This brings us to an aspect of The Blood of the Vampire that is impossible to miss: its racism. An early scene has Harriet going off on a deeply bigoted rant about black servants back in Jamaica.
But for much of the novel Marryat is clearly indulging racism, rather than satirising it. Classism, as well as racism, runs through the novel. Ralph Pullen expresses discomfort with being around the Baroness and her husband due to their low-class backgrounds.
An inescapable sourness permeates The Blood of the Vampire , its racism and classism being merely the two most obvious manifestations. The steadfastly unsentimental tone starts to change towards the end, but the streak of bitterness remains. When the Baroness sees the error of her ways and begins speaking of God and Christ, her pious speeches seem no more than token gestures on the parts of both character and author.
Distraught at her inability to prevent her loved ones from dying, Harriet commits suicide through a dose of chloral, ending her cursed bloodline once and for all.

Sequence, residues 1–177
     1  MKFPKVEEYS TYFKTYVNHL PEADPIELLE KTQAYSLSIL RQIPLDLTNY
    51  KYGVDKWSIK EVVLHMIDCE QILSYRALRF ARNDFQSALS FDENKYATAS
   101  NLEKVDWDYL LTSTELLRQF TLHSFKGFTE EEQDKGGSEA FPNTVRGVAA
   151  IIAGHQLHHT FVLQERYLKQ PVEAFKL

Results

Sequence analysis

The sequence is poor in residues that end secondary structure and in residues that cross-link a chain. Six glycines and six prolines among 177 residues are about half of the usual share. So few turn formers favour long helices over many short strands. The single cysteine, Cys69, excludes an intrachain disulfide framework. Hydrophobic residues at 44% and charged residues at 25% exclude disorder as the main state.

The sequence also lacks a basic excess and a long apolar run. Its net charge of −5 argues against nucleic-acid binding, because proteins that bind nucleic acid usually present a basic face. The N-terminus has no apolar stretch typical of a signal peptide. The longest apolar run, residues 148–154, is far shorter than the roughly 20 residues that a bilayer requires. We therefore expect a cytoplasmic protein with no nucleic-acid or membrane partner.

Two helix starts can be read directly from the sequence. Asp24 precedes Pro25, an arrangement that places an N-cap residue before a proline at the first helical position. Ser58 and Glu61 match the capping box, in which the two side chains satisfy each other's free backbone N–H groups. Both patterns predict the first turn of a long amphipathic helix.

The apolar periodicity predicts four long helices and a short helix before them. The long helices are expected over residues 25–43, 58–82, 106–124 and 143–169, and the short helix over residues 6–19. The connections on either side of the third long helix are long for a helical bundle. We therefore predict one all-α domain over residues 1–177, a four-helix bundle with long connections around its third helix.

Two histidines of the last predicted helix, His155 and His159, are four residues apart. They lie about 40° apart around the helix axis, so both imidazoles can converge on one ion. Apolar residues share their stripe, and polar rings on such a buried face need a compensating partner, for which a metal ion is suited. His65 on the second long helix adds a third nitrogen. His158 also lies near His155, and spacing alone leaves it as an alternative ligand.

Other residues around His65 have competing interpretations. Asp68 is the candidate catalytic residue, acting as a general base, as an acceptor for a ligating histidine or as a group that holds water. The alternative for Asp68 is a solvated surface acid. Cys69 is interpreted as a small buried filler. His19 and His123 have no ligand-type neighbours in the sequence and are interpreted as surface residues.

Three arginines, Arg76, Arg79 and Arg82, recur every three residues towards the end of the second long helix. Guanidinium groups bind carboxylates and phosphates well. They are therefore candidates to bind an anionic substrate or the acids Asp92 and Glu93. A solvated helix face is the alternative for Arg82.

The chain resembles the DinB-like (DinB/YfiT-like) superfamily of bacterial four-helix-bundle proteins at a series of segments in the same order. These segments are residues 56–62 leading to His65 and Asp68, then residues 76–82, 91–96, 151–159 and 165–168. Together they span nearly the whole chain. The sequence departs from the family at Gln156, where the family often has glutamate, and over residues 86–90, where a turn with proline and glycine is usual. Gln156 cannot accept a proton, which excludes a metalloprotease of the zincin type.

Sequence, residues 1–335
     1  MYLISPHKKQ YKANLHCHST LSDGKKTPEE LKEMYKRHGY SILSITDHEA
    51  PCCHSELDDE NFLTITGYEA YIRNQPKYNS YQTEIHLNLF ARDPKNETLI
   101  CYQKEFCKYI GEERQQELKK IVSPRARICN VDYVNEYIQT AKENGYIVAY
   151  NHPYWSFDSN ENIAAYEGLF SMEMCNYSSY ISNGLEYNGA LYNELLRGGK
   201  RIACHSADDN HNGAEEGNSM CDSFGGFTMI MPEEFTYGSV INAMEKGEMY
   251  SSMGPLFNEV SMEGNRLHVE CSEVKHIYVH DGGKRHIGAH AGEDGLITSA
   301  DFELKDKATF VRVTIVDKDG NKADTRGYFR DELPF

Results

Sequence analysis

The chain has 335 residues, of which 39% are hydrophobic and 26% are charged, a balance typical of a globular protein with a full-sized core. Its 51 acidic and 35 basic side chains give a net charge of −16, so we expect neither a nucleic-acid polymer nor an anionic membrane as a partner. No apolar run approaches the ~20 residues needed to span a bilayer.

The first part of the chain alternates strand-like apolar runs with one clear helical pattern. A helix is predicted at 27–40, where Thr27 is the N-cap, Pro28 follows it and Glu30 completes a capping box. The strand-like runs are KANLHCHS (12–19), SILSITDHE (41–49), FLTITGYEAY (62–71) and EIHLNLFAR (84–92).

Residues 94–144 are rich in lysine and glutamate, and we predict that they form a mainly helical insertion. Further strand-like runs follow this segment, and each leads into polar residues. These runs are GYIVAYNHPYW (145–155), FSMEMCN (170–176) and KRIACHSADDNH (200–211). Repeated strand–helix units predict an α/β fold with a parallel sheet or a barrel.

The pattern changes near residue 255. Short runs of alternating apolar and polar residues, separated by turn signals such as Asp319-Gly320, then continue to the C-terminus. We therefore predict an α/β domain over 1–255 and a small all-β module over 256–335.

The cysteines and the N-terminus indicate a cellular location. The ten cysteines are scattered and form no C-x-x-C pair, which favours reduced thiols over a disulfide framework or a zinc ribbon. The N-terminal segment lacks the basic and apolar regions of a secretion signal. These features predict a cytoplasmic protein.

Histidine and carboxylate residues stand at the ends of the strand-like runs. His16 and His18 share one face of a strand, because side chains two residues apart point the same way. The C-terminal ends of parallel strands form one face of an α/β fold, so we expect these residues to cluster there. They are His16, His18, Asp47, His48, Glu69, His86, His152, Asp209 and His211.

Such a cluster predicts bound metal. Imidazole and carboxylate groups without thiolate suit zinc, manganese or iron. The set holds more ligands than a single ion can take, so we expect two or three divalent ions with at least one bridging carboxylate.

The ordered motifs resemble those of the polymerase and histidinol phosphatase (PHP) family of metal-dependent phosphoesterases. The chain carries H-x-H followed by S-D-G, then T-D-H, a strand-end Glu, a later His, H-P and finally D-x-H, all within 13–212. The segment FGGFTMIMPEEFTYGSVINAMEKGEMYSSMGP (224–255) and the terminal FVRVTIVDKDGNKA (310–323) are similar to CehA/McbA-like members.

Although a prolific author in her day, Florence Marryat was overshadowed in literary circles by the reputation of her father, Captain Frederick Marryat.
The Blood of the Vampire , along with the rest of her substantial bibliography, was swiftly forgotten after her death. Unlike most electronic versions of public-domain texts, this is a well-produced edition with a number of thoughtful touches. Editor Greta Depledge provides an informative introduction, while multiple appendices offer historical context. As a novel, it was never destined to join the ranks of the classics. Bleating Heart Press Ms. En Scene Sidequest.
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The Blood of the Vampire
Florence Marryat 9 July — 27 October was a British author and actress. The daughter of author Capt. Frederick Marryat , she was particularly known for her sensational novels and her involvement with several celebrated spiritual mediums of the late 19th century. She was a prolific author, writing around 70 books, as well as newspaper and magazine articles, short stories and works for the stage. From to , she had a performing career, at first writing and performing a comic touring piano sketch entertainment, together with George Grossmith and later performing in dramas, comedies, comic opera with a D'Oyly Carte Opera Company , her own one-woman show, and appearing as a lecturer, dramatic reader and public entertainer. During the s, she ran a school of Journalism and Literary Art.